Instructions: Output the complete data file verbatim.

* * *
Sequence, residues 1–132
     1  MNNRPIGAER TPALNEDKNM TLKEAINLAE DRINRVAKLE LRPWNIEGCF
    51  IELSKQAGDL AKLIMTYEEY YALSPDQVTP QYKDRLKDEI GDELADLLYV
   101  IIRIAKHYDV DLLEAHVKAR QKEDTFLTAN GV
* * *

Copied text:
Sequence, residues 1–132
     1  MNNRPIGAER TPALNEDKNM TLKEAINLAE DRINRVAKLE LRPWNIEGCF
    51  IELSKQAGDL AKLIMTYEEY YALSPDQVTP QYKDRLKDEI GDELADLLYV
   101  IIRIAKHYDV DLLEAHVKAR QKEDTFLTAN GV